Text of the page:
According to reports, the Pentagon is very close to lifting a ban on transgender people serving in the military. U.S. Secretary of Defense Ash Carter is in the midst of creating a task force that will examine how allowing transgender people to serve their country will affect every aspect of the service. The task force will take about six months to completely analyze what changes are needed.
Thankfully, it doesn’t sound like Ash would ever decide to keep the ban in place: He’s already denounced the policy as “outdated” and “caus[es] uncertainty that distracts commanders from their core missions.” Sounds to me like he’s already made up his mind to do so (yay!); he just needs a roadmap to implement the necessary changes.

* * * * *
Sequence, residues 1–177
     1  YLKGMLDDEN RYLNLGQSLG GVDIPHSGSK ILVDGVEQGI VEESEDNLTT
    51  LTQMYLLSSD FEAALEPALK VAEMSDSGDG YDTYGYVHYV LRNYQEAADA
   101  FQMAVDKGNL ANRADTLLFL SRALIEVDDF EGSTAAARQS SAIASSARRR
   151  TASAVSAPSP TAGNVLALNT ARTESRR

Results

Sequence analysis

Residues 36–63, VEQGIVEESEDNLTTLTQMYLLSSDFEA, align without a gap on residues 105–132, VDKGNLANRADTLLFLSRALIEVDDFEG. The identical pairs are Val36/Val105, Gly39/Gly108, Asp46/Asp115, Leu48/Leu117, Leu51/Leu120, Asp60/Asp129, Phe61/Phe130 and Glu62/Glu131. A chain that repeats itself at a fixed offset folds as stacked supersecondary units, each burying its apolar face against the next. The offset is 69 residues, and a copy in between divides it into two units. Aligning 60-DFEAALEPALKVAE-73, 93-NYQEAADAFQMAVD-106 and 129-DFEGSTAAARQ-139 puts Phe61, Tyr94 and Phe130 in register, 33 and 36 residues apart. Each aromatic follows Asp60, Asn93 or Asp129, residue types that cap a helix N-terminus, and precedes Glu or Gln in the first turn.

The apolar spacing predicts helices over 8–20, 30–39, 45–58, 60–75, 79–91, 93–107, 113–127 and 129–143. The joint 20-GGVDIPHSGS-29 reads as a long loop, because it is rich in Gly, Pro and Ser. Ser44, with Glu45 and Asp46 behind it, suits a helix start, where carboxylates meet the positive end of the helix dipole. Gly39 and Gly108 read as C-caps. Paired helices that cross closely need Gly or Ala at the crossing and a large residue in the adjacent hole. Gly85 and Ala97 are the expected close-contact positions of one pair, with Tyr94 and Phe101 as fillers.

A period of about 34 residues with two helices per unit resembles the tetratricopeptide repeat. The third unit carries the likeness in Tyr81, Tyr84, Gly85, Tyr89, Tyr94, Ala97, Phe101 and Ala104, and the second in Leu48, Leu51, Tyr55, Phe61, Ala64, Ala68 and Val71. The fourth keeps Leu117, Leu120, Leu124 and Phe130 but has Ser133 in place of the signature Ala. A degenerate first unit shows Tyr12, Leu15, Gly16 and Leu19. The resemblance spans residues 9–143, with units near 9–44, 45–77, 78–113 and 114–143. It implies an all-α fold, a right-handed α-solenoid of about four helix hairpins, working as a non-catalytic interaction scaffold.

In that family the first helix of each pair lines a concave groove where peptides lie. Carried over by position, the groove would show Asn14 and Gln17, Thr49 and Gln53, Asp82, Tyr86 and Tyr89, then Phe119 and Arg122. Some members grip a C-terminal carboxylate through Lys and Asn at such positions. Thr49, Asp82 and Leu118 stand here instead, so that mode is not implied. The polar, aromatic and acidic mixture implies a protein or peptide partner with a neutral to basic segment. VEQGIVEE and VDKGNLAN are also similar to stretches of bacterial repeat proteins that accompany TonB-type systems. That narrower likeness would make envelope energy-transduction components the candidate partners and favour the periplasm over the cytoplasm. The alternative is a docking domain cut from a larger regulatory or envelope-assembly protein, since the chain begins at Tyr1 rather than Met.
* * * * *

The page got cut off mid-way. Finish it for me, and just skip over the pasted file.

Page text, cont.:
From the Department of Defense’s press release, Ash seems like a guy who gets it:
At a time when our troops have learned from experience that the most important qualification for service members should be whether they’re able and willing to do their job, our officers and enlisted personnel are faced with certain rules that tell them the opposite. Moreover, we have transgender soldiers, sailors, airmen, and Marines – real, patriotic Americans – who I know are being hurt by an outdated, confusing, inconsistent approach that’s contrary to our value of service and individual merit.
I’m looking forward to seeing how accommodating the military is willing towards transmen and transwomen interested in serving their country to be in the near future.